Military jammer have become the key to electronic warfare

Jamming devices tend to be portable in electronic warfare

The use of man-portable jamming devices is gaining popularity in electronic warfare. As the use of Improvised Explosive Device (IEDs) has increased in recent times, improved countermeasures, such as man-portable jamming devices are being used by ground troops.

The driving force behind the global military jammer market is the need for superior intelligence and precision attack. The advantage of present electronic jammer systems is that they combine support, protection, and attack functions in a single unit. They offer a variety of countermeasures (which can be automatically started) and enable real-time impact recording for military purposes. This helps the military to assess the operational efficiency of a tactic and consequently update their tactics in future in line with the evolving threats.

As potential adversaries adopt the use of unmanned aerial systems, the military is regularly looking for ways to jam their signals. But testing those systems can be tough, because jamming technology that can disrupt radios or GPS signals fall under tight restrictions within the United States, given how they indiscriminately affect unintended targets.

GPS signal jammer or transmitters that operate over public airwaves usually must gain approval of military, Federal Communications Commission or the Federal Aviation Administration, which makes training exercises with such devices problematic, often limiting their use to the wee hours of the morning.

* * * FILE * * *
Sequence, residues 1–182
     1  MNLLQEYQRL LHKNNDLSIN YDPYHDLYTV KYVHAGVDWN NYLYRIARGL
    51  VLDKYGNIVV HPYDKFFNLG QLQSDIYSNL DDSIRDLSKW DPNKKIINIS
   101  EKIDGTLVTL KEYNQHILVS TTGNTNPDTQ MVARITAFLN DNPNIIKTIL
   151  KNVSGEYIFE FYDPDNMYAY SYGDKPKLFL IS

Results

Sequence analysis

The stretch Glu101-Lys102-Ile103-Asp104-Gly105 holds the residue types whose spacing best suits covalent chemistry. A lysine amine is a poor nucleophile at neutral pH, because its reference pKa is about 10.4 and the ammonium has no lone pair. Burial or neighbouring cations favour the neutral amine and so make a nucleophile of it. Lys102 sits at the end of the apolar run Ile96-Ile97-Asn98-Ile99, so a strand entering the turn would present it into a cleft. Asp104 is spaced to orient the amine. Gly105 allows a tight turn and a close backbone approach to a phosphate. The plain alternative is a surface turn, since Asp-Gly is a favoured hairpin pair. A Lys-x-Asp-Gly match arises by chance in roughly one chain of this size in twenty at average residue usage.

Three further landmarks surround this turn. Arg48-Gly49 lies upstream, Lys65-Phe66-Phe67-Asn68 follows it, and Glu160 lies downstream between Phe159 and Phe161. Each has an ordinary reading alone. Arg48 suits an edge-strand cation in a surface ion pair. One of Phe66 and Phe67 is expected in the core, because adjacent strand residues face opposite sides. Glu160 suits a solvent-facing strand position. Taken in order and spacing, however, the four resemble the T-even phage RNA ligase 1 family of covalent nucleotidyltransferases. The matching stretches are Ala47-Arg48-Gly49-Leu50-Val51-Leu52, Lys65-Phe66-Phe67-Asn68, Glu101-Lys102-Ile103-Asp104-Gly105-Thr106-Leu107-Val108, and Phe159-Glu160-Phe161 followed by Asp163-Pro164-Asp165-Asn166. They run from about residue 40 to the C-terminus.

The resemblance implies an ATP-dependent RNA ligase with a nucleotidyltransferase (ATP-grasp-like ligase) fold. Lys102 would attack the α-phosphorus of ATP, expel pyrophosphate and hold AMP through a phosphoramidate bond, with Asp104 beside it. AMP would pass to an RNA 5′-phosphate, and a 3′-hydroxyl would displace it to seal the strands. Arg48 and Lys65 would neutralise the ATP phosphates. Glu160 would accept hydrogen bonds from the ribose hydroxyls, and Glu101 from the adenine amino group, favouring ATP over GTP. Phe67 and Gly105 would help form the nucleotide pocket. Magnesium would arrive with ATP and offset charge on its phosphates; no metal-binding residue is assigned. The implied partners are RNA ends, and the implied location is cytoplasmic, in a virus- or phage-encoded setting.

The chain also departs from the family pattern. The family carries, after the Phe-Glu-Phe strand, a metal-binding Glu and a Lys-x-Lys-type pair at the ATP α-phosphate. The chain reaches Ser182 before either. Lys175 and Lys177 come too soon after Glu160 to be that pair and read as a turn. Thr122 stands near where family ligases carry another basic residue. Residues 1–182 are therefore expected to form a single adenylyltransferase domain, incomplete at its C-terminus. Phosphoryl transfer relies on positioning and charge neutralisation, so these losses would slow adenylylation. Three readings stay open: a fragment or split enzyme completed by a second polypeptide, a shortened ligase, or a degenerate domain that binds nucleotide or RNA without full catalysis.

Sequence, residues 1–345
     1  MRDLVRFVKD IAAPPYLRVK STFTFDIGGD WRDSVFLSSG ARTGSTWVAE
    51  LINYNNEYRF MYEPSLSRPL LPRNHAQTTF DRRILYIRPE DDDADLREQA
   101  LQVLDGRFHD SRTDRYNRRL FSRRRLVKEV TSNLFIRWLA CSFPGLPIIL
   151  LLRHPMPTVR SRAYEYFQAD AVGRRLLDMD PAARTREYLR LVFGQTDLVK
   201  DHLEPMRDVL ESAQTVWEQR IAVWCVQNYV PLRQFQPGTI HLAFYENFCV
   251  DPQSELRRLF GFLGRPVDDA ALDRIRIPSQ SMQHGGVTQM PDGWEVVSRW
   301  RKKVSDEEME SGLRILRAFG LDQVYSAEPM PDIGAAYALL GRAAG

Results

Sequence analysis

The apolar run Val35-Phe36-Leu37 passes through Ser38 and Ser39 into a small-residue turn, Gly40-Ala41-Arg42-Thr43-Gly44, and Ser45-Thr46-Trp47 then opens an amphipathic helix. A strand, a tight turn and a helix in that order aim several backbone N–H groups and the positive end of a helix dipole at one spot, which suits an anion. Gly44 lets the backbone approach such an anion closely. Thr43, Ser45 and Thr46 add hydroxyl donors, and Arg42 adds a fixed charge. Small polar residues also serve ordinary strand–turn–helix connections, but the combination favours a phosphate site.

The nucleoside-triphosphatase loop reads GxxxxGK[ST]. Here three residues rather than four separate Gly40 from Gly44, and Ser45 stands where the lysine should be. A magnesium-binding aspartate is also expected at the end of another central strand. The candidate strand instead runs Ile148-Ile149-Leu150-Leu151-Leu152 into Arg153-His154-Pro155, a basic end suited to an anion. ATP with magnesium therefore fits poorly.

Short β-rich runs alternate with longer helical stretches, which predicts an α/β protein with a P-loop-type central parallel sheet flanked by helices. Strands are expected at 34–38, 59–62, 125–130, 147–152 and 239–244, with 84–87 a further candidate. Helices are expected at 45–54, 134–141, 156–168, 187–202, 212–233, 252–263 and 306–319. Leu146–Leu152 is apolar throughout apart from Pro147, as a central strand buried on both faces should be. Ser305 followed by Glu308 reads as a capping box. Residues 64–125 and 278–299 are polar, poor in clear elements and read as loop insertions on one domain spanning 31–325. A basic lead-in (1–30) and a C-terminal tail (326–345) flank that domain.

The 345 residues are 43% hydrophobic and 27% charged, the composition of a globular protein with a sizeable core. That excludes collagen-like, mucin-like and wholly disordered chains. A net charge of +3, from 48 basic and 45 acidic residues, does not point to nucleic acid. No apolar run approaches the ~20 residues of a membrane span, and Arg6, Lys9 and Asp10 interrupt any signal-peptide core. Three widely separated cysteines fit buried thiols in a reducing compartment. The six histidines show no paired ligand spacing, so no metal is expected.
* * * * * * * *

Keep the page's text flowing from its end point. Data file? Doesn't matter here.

A small direct-inject jammer tested recently at the National Training Center in California can be programmed to simulate jamming of radio signals that are used for electronic detection during training scenarios, the Army said in a release. These small devices require less power than earlier direct-inject jammers, which makes for a perfect fit for training centers where approval for such electronically denied environments previously was difficult.

China has installed equipment on two of its fortified outposts in the Spratly Islands capable of jamming communications and radar systems, a significant step in its creeping militarization of the South China Sea, U.S. officials say.